And so we work with them to figure out what the principles of the space should look like. And so we did these co-design workshops with their staff leadership, the students that they serve, and helped them think through what is the ultimate vision for this place and what are the principles you need to design around as architects that we’re not going to build it. Don’t, I’m not going to tell you which materials and lighting and all that, that’s their expertise. But if they have this roadmap, how might that change their architectural desire? Because I’m sure for most architects, they’re dealing with the client.

So if you’re just dealing with the leadership of the organization, they can only tell you their vision. But that has nothing to do with, or not nothing that has little to do with the folks that they are serving. And so was really, it’s been interesting to do this alongside architects and hearing them say how valuable it’s been for them to be a part of those workshops and see those perspectives and see how they should create differently. So yeah. Are you going to be in Black InDesign next year?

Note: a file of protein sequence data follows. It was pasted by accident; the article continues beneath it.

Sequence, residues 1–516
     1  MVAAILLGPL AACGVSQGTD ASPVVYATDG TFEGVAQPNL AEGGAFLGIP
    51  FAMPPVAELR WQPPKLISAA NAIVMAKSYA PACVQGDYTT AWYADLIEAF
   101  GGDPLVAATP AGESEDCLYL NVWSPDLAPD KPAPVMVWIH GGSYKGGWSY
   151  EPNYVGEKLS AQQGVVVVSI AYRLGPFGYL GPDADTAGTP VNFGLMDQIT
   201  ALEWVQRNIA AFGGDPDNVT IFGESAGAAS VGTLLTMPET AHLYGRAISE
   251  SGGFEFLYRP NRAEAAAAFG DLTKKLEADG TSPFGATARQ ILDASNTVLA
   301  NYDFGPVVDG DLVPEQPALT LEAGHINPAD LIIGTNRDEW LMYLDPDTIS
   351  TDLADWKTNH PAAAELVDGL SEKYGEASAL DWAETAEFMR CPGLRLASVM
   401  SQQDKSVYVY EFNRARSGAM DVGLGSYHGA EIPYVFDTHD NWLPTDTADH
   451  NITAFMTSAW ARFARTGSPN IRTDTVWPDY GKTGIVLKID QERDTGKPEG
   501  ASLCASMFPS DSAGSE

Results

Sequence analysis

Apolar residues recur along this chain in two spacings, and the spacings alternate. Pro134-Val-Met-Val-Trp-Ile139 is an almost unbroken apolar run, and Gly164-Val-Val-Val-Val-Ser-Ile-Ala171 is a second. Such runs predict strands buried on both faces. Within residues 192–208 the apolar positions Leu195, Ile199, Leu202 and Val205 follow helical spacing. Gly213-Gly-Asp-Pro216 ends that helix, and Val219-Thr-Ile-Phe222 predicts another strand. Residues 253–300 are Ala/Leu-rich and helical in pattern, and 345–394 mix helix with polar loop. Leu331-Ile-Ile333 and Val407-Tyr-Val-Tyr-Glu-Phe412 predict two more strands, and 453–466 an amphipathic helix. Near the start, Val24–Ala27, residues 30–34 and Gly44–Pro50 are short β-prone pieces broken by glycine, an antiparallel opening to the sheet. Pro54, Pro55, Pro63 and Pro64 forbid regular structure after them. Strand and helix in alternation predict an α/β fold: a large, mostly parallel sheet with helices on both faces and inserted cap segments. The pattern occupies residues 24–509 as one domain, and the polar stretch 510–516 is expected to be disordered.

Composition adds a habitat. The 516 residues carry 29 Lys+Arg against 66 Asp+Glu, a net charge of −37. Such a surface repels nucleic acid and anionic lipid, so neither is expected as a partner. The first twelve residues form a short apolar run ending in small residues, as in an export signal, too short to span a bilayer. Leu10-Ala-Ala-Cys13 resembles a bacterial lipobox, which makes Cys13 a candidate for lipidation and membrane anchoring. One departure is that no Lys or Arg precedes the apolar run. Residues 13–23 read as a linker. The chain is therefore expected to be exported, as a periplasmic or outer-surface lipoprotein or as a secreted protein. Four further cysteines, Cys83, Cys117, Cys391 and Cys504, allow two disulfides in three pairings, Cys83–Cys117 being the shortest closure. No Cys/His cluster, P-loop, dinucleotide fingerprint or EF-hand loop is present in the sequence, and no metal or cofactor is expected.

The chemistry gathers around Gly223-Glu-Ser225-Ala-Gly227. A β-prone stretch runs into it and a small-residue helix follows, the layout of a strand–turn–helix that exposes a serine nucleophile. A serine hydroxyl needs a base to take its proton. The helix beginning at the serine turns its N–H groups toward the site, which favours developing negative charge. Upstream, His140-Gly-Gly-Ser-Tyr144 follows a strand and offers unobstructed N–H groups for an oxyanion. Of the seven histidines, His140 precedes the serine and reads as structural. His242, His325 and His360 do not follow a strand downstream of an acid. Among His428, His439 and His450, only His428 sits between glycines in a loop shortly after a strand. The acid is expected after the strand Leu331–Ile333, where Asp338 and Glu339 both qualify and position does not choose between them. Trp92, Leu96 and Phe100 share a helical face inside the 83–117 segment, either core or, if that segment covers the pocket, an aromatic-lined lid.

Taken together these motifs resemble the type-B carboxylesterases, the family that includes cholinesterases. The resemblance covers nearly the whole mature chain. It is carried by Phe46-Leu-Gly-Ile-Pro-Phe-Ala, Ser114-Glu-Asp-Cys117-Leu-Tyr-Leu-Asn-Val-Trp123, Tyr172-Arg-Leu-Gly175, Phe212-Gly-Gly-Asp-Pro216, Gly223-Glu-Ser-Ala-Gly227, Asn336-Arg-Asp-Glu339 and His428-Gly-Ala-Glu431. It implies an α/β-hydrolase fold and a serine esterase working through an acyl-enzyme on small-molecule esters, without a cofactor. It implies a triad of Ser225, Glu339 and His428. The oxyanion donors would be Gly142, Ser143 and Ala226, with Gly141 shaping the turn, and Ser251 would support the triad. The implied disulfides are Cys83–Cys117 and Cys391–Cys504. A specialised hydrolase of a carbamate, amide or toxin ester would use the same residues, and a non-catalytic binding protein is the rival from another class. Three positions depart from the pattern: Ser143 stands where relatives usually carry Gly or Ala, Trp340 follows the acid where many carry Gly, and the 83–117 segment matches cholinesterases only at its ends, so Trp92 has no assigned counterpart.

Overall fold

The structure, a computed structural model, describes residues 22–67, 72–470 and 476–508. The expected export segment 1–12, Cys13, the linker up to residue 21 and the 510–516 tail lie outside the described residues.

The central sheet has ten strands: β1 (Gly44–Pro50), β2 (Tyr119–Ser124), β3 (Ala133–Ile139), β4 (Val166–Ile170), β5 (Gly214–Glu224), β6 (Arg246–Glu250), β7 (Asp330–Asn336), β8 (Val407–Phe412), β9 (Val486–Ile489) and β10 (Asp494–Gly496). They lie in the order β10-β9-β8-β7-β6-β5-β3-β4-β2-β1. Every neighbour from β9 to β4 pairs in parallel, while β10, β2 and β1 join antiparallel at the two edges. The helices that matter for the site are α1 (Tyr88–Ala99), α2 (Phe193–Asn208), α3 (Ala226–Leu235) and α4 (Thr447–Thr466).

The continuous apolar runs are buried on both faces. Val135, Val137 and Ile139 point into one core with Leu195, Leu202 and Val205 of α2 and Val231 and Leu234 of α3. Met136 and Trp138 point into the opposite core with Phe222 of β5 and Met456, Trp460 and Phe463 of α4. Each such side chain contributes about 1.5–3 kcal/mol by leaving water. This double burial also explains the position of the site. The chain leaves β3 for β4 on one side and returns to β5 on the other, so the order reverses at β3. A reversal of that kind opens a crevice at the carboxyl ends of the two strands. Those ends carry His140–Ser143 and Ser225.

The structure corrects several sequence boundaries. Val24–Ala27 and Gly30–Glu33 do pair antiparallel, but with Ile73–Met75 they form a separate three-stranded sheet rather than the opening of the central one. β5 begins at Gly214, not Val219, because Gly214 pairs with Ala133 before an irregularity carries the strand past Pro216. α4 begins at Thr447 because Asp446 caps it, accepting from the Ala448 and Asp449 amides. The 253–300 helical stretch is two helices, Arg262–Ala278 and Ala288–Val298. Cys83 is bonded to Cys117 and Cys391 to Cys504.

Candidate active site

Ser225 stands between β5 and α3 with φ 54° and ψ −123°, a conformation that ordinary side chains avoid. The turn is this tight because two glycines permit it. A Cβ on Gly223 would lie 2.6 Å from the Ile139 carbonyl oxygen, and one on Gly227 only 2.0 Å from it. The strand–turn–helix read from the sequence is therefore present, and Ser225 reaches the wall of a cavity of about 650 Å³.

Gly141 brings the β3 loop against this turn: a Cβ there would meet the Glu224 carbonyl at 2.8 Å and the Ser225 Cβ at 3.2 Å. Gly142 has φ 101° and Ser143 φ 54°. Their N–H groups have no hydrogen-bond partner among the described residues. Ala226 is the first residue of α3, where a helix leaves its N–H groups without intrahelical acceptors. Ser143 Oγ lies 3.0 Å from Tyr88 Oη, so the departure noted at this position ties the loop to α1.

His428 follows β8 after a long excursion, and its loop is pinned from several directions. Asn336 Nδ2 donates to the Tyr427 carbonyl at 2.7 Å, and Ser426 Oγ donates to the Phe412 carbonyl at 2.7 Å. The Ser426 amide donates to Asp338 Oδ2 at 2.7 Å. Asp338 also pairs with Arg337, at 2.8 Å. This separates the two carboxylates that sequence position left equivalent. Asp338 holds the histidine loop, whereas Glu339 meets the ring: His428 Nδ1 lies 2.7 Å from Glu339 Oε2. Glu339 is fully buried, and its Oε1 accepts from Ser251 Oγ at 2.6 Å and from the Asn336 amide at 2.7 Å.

Maurice Cherry:
Oh, absolutely. Absolutely. I’m definitely going to be there. I remember the first year I went in 2015 and I was trying to get other black designers to go. And I couldn’t. A lot of people were like, I don’t know if I want to go. I mean, are they talking about Photoshop? Are they talking about Sketch? ‘Cause these were product designers, UX designers, et cetera. And I’m like, first of all, it’s 2015. There were no black design events going on back then. I’m like, this is the first time something this is happening. It’s cheap. I think the tickets were less than $100. I was like, let’s just go and just see what it’s like. And a lot of people I know didn’t go that first year, but they have it every other year. So if you don’t go the first year, you can check it out the next year.